“Swing-blade mills are interesting machines. They use a smaller circular blade. The log is stationary, and the engine and blade travel down a track. The blade only cuts into the log for the desired width of the board during one pass down the log, then rotates 90 degrees to cut the thickness of the board on the return pass,” Boyt explained. “Consider a swing-blade mill, especially if you will be producing standard sizes of lumber for construction, fencing, trailer decking and railroad ties.”
Another portable sawmill option is a chain saw mill. Typically the simplest and least expensive option, they’re usually recommended for limited use, remote locations, and portability by ATV or boat, and are limited to milling smaller logs. Norwood Industries’ (http://www.norwoodsawmills.com) PortaMill, for example, is designed for use with a basic chain saw as the saw head and a household extension ladder as the sawmill track.
Ease of portability is a key feature of some band saw and swing-blade mills. Transporting to remote locations, even by canoe, mule or floatplane, is possible with swing-blade mills, Boyt said, although they do take time to set up once on-site.
Just the basics?
Many portable mills aren’t necessarily portable when purchased with the basic package. You might buy a sawmill now for stationary on-farm use and consider adding a towing package in the future to enhance its versatility.
The basic mill is manually operated. Boyt said, “These mills rely on muscle power to load and turn the logs.” The manual option saves money, but consider the output you need.
The height of the mill bed can vary by model and manufacturer. If the mill bed is waist-high, manually lifting the logs can be strenuous. Available options may include a winch to raise the logs, while some companies offer a hydraulic lift option. Low beds require bending to handle the logs and lumber and may not be a comfortable fit for some.
Other add-ons can provide the ability to mill longer log lengths. Debarkers clean up the log before each cut, helping to keep blades sharper longer. Adding features such as power feed systems, rollers, sawdust removal systems and log decks can keep things running smoothly.
“Anything to take the work out of milling and increase production will help increase the bottom line,” Boyt said. “Debarker, board drag-back, toe rollers/log leveler and power clamps speed up production. Hydraulic log handling will increase output by about 50 percent and decrease your physical workload dramatically.”
The Turner Mills (http://www.turnermills.com) hydraulic model offers hydraulic backstops, log loaders, leveling jacks, power head lift, hydraulic controls and a remote that won’t interfere with board handling. Hud-Son offers options with hydraulic and log handling features for ease of use. Norwood offers a model that can initially be purchased as a manual machine and upgraded later with hydraulics.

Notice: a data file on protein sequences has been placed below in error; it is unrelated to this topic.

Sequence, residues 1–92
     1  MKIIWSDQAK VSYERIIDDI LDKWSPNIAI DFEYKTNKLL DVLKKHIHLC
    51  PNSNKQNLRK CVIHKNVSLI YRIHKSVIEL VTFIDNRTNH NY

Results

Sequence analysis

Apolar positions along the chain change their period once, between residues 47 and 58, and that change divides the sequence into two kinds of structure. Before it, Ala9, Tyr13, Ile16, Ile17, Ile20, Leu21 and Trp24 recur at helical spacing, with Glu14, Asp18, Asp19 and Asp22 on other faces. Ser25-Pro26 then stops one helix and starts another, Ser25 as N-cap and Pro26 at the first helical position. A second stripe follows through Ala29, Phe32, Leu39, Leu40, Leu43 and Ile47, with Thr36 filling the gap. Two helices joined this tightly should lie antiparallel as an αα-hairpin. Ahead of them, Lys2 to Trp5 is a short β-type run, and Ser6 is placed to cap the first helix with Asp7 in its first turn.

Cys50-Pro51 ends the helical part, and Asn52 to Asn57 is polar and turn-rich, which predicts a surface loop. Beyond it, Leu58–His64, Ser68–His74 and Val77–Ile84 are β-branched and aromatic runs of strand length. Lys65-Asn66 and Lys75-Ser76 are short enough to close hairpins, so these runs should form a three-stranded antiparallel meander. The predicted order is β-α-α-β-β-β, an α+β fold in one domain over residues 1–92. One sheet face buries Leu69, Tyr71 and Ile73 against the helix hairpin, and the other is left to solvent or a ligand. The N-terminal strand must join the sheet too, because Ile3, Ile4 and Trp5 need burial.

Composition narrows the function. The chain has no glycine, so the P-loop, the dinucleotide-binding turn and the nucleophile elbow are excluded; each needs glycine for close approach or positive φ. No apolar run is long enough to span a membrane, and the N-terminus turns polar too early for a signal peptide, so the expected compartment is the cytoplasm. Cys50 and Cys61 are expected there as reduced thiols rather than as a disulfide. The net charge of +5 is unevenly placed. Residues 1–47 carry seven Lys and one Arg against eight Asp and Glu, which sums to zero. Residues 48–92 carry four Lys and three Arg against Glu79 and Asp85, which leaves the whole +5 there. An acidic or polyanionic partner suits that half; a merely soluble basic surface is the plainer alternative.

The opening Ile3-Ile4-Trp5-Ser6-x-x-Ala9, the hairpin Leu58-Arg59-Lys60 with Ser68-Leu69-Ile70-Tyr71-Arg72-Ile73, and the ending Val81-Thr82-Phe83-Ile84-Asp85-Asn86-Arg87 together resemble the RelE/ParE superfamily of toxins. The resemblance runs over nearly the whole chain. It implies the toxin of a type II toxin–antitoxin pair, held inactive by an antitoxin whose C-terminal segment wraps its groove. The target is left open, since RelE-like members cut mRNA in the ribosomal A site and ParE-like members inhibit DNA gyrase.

Maida said farmers should consider where the sawmill will be stored. Compact, lightweight models can be rolled into a barn or garage. Fuel use is another consideration. Portable sawmills operate on gas, diesel or electric power. Some models are powered by PTO (power takeoff) from a farm tractor.
Make sure you have enough engine horsepower to get the job done. Maintenance, the cost and availability of parts and labor, and ease of repair are other things to consider. Having replacement saw blades readily available reduces downtime, and having a local dealer may be key to getting repairs done quickly.
“Ease of use, ease of repair, and availability of repair services” are factors to consider before making a purchase, Spadaro said. “Local dealers can help you learn your mill and offer demos.”
Having a warranty on the mill and the motor, as well as the shaft and bearings, is another consideration. Services such as blade sharpening are also available through some companies. No matter which brand or model you choose, adhering to the manufacturer’s recommendations on lubrication, part replacement and proper mill use will keep your portable sawmill in top condition.
The location of the operator station can be important for safety and operator comfort. Most portable sawmills, Boyt said, “are no more complicated than a hay baler.” Still, proper training in safe use of the mill is crucial.
Selecting the right portable sawmill for your needs requires taking a good look at what you want to do now, as well as considering potential future use.